What to Do If You’re Injured
If you’ve been hurt at work or in a car or truck accident, seek medical and legal advice right away.
Hammons said sometimes people won’t reach out to an attorney because they don’t believe in lawsuits. He understands where they’re coming from, but they have to protect themselves and their families.
“Seek advice quickly from an attorney,” Hammons said. “You cannot put your trust into an insurance company or a business to do the right thing. You have to protect your own rights.”
If you’ve been hurt, contact the experienced attorneys at Laird Hammons Laird.
Any worker can experience an injury while on the job, but there are some industries that are especially dangerous.
The most dangerous job in Oklahoma is the nursing home worker. About 1 in 7 employees in this job sector are hurt each year — about 2,200 injuries every year.
Firefighters come in second place. About 1 in 8 firefighters is hurt each year, which adds up to about 500 injuries every year. Police officers are third on the list with about 1 in 9 officers injured each year for a total of 1,100 injuries annually.
Workplace injuries in Oklahoma
In Oklahoma, more than 48,900 work-related injuries were reported, according to data from the U.S. Bureau of Labor Statistics. The data comes from 2012, the most recent year available for Oklahoma.
The industry that has the most injuries each year is hospital sector. About 4,200 hospital workers report on-the-job injuries annually, which makes up about 8½ percent of all work-related injuries. In all, about 1 in 12 hospital employees will suffer an injury at work in any given year.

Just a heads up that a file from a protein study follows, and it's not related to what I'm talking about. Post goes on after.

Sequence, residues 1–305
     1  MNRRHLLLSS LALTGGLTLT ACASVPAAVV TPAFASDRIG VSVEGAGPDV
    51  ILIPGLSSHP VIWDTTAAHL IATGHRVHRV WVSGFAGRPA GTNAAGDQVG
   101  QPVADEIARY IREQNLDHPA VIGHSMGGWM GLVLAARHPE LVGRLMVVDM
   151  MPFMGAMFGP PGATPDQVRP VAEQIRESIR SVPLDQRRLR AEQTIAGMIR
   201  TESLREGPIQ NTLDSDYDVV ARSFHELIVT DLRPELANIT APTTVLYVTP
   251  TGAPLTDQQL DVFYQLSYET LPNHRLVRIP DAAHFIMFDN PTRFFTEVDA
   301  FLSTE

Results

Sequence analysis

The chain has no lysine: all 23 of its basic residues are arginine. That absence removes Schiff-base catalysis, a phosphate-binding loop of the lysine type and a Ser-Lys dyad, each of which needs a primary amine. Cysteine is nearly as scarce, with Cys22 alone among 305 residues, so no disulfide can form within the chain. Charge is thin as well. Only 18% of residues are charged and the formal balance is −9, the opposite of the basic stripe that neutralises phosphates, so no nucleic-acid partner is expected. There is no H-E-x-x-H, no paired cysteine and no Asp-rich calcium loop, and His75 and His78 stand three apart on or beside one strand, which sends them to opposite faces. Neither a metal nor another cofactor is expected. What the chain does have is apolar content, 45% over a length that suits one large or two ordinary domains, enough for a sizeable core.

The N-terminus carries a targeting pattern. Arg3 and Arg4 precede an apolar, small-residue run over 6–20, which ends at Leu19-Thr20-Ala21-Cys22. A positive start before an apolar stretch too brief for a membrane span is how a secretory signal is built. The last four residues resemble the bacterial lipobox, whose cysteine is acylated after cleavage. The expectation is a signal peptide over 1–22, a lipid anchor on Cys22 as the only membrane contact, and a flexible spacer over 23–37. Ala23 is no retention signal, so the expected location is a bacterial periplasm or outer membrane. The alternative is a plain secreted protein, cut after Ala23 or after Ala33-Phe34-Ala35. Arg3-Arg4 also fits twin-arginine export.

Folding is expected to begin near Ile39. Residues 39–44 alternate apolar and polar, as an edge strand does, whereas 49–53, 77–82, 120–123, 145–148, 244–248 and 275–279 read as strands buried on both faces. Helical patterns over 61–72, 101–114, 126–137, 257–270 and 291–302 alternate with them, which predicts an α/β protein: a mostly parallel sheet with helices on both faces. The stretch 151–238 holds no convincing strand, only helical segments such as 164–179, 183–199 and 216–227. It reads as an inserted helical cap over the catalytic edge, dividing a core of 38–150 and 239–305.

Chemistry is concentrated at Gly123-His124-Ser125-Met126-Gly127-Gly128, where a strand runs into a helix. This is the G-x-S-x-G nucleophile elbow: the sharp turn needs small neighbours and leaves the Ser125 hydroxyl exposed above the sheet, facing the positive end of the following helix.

The safest industry in Oklahoma: finance. Only about 1 in every 200 finance workers is injured on the job each year.
Workplace deaths in Oklahoma
Unfortunately, some workplace injuries result in death. In Oklahoma, 98 people died at work in 2014, the most recent data available from the U.S. Bureau of Labor Statistics.
Men are far more likely to die from work injuries in Oklahoma, according to the bureau. Of the 98 deaths, 92 were men and six were women.
Workplace deaths can happen at any age, but in Oklahoma, the largest number of deaths happened to 45- to 54-year-olds. This age group accounted for nearly 1 in 4 fatalities.
Fatalities can happen for a variety of causes. In Oklahoma, the most common cause was transportation incidents. While deaths happen in many sectors, the transportation industry was the most dangerous, with about 1 in 4 deaths coming from that sector. Construction was the second most dangerous, accounting for about 1 in 5 workplace deaths in Oklahoma. Other dangerous sectors include government jobs, trade, and mining and energy.
If you or a loved one has been hurt at work, navigating the workers’ compensation process in Oklahoma can be challenging. The skilled, knowledgeable attorneys at Laird Hammons Laird are here to help. Contact us if you need workers’ comp advice.
The University of Oklahoma is a special place to the attorneys at Laird Hammons Laird, and that’s why we’re proud to sponsor OU Homecoming 2016.
If you walk through the Laird Hammons Laird offices, you’ll notice plenty of OU diplomas on the walls — 14 altogether.
Founding partner Jeff Laird has had season tickets since 1973 and has attended 43 OU/Texas games. “I love to be a part of the crowd,” he said. “The atmosphere when the team makes a big play and the enthusiasm is something to experience.”
The firm’s newest attorney, Amanda Everett, comes from a long line of Sooner fanatics, and she loves attending football games. “There are so many things I love about being a Sooner,” she said. “One of my favorite parts of attending the home games is when the whole crowd holds up one finger and we do the OU chant. It is a great part of being an OU alum, and it is always a special moment for Sooner grads.”
Employment attorney Colby Addison said his favorite OU tradition is simple: winning. He also likes to point out his favorite stats: Seven national championships, forty-four conference championships, eight Big 12 titles, and five Heisman Trophy winners.
But for Colby, OU means more than a winning tradition. His education there helped shape him into the attorney he is today.